Facilitating in a hierarchy

For many of us that work in grassroots networks or co-operatives, facilitating in a formal hierarchy doesn’t appear to be much of an issue – unlike co-ops or informal networks, the power relations and decision-making responsibilities are clear. But for many of our social change colleagues working in NGOs, facilitating meetings certainly can be an issue. The devil is very much in the detail.

Recently Gill and I were training a group of folk who will do much of their facilitation in the hierarchical setting of a national NGO, and for whom meeting facilitation is a source of potential tension. Factor in that they were relatively junior graded staff in the grand scheme of things and the problem is magnified. So what advice would you offer them? What’s your experience of facilitating in formal power dynamics?

As facilitators who’re often external to the groups we work with, it can be hard to remember what it’s like to be in that position. Our role as ‘outsider’ brings a certain authority with it, so we can feel protected from the hierarchy. Of course, that’s not always the case. Many of us will have done a piece of facilitation work when the brief we’ve been given only works for those with a certain degree of power, but not for everyone we’re working with. Or we’ve facilitated in a participatory way as instructed and then the manager has panicked at the newly empowered responses they are getting. Can you share how you dealt with it?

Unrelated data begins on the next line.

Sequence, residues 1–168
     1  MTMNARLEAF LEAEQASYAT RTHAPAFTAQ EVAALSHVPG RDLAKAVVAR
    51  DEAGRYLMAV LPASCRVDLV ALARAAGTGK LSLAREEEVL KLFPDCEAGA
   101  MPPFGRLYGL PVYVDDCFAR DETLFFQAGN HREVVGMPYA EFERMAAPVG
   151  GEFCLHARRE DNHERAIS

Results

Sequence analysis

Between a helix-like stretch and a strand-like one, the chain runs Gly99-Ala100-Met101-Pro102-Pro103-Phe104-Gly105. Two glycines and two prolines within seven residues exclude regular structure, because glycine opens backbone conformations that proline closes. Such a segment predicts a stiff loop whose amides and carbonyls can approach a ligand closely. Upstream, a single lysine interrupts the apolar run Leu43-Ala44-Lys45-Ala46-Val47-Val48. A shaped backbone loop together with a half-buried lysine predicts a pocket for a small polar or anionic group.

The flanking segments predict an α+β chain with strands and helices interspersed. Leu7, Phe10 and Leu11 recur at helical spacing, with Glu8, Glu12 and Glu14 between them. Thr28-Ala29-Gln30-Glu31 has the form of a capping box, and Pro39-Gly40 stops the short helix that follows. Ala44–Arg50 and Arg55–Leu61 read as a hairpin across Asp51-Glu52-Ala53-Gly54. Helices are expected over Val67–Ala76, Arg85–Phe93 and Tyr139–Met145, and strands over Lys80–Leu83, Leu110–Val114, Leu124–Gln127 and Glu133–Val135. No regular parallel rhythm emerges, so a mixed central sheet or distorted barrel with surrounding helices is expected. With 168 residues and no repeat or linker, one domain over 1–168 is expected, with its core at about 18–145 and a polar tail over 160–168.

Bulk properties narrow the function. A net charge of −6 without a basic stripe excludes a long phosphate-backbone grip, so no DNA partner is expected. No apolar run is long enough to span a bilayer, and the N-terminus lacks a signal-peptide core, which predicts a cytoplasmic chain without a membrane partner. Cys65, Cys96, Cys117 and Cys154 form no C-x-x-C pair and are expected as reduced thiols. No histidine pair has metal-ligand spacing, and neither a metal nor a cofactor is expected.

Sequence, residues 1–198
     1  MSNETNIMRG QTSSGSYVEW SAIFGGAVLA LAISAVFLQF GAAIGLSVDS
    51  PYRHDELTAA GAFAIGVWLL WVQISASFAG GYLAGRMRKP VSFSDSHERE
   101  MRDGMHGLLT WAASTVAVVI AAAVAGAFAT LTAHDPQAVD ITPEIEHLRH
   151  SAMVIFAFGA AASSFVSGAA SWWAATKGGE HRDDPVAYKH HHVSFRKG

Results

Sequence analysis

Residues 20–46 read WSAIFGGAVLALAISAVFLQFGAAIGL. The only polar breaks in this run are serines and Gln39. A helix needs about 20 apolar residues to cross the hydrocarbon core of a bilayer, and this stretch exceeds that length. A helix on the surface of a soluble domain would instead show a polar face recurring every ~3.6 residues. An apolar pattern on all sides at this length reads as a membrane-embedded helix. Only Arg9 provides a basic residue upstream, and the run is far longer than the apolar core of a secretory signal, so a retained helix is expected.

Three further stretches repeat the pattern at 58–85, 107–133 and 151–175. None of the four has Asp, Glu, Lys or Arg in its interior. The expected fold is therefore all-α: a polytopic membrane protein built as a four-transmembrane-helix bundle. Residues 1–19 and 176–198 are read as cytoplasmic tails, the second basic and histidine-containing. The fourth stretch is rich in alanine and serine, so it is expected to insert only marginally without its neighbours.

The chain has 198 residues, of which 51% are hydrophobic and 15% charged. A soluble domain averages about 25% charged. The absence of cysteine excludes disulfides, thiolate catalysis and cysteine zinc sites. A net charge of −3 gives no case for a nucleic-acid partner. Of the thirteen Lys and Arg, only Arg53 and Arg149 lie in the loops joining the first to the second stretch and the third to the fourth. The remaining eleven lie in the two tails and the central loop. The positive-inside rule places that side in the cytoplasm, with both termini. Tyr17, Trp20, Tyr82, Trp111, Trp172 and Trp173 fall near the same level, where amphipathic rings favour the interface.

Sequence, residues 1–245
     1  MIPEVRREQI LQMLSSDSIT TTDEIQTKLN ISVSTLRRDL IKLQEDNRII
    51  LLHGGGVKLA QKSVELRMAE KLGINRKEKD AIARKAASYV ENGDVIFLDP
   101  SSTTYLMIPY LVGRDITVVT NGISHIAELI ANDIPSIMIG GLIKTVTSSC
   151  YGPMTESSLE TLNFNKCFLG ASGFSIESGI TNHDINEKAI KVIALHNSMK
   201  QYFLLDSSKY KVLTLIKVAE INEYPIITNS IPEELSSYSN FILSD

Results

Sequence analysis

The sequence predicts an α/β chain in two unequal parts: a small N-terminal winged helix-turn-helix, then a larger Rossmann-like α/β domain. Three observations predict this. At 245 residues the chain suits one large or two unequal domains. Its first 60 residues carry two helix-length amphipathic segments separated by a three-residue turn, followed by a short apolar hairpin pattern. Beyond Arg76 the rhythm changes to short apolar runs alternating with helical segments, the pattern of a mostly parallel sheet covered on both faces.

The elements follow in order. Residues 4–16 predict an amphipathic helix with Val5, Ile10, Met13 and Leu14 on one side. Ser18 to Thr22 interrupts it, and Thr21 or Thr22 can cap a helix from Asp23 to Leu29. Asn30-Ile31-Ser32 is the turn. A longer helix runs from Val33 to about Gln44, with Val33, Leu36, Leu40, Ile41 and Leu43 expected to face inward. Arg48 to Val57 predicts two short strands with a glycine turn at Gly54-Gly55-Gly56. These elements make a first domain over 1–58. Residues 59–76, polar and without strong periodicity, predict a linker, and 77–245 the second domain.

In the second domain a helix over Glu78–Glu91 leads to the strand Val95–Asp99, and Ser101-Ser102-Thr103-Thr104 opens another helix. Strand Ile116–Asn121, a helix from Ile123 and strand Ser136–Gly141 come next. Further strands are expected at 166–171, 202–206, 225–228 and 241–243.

I stopped doing the washing up last night to make notes of the conversation that was happening in my head. Here’s a slightly more polished version:

Problem 1: Don’t we promote facilitation as about full participation? Good facilitation brings people in from the margins of the group, allows them to be heard, allows the  group to benefit from the full breadth of its wisdom, form plans and make decisions that harness the creativity and energy of the whole of the diverse group. I’m pretty sure I’ve said stuff like that on numerous occasions. But should you go into a hierarchical setting with that as the expectation of yourself as facilitator and then find yourself in tension with what actually unfolds before you?